There are a number of activities that contribute to air pollution including transportation, waste management and industries that all burn fossil fuels. Poor air quality directly impacts both the health of people and the environment. However, there's a lot that we can do to curb air pollution and improve our health. Monitoring air quality is vital to understanding what factors contribute to air pollution and also in thinking about solutions for communities. Learn more about the impacts of particulate matter and poor air quality on our health and what we can do to monitor air pollution.
Particulate Matter - The Ontario Ministry of the Environment and Climate Change defines particulate matter as "the general term used for a mixture of solid particles and liquid droplets in the air. It includes aerosols, smoke, fumes, dust, ash and pollen." Particulate matter is known for having a number of negative health and environmental impacts.
Take a look at the following resources to learn more about particular matter:
Fine Particulate Matter (Ontario Ministry of the Environment and Climate Change)
National Ambient Air Quality Objectives For Particulate Matter (Health Canada)
Particulate Matter (United States Environmental Protection Agency)
WHO Air quality guidelines for particulate matter, ozone, nitrogen dioxide and sulfur dioxide (World Health Organization)
Health Impacts of Poor Air Quality - Particulate matter and poor air quality are particularly of concern in urban areas. The World Health Organization has identified that poor air quality can be a contributing factor to stroke, heart disease, lung cancer, and both chronic and acute respiratory diseases, including asthma.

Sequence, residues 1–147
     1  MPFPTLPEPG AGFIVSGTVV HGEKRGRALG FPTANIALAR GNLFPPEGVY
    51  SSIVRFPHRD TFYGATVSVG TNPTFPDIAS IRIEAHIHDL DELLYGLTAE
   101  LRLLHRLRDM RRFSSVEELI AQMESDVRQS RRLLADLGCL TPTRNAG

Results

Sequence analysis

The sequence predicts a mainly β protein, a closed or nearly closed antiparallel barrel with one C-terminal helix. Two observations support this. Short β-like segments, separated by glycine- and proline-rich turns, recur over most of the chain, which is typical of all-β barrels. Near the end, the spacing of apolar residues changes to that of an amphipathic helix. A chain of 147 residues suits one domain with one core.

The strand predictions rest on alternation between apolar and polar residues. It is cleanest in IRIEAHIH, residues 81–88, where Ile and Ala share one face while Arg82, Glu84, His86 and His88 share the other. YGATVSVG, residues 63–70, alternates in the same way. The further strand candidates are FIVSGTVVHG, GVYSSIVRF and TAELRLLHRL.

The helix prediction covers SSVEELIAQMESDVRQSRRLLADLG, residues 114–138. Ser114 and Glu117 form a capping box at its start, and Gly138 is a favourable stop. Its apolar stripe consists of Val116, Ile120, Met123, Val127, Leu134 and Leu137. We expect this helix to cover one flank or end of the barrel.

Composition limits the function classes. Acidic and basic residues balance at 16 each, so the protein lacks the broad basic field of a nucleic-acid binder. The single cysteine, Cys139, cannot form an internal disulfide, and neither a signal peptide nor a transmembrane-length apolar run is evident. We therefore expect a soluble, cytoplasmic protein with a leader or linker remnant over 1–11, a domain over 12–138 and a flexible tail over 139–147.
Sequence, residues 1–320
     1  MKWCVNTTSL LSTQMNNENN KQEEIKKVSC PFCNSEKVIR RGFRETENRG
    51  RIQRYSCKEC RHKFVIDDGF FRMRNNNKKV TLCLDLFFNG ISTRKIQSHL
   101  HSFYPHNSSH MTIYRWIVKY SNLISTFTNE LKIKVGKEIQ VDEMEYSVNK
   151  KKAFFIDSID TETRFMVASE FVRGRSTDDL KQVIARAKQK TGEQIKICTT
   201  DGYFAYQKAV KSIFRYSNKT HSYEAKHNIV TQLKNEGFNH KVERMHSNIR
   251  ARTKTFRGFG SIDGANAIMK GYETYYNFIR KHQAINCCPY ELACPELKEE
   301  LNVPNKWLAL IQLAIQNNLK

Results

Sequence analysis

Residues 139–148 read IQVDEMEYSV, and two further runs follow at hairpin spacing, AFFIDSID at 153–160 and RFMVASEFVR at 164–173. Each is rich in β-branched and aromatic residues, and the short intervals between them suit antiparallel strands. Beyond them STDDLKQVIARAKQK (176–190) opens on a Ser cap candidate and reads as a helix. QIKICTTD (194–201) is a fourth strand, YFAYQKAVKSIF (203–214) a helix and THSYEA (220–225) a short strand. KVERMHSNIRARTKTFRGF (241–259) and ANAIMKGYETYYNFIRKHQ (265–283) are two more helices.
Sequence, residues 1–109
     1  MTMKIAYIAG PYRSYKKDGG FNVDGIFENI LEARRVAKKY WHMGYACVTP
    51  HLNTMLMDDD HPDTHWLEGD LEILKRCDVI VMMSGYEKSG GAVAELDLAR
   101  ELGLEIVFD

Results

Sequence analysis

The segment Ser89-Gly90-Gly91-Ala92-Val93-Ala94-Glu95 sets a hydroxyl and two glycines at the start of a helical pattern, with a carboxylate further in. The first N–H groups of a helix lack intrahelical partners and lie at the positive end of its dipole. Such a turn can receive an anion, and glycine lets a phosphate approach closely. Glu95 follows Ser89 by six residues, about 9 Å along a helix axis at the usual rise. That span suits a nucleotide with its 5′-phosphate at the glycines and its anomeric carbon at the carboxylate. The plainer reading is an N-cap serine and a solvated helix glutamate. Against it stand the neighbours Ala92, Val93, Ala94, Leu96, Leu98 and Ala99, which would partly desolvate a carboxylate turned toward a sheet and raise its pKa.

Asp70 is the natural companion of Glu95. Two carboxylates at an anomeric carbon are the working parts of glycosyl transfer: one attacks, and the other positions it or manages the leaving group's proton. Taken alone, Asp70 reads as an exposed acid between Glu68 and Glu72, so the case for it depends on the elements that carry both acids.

The following resources cover the health impacts of poor air quality:
Outdoor Air Quality (Health Canada)
Path to Healthier Air: Toronto Air Pollution Burden of Illness Update (City of Toronto)
Air Pollution and Your Health (City of Toronto)
Clean Air Partnership (a Canadian charity working to improve local air quality)
Monitoring Air Quality - Different levels of government are working to monitor air quality and the contributing factors to air pollution. Environment Canada uses the Air Quality Health Index (AQHI) as a scale to help people understand how the air quality around them has an impact on their health. Local air monitoring helps identify sources of air pollution on the community level, and also look for ways to use community led initiatives to develop solutions.
There are a number of resources that talk about initiatives that already exist to monitor air quality:
Air Quality Health Index (Environment Canada)
Local Air Quality Studies (City of Toronto)
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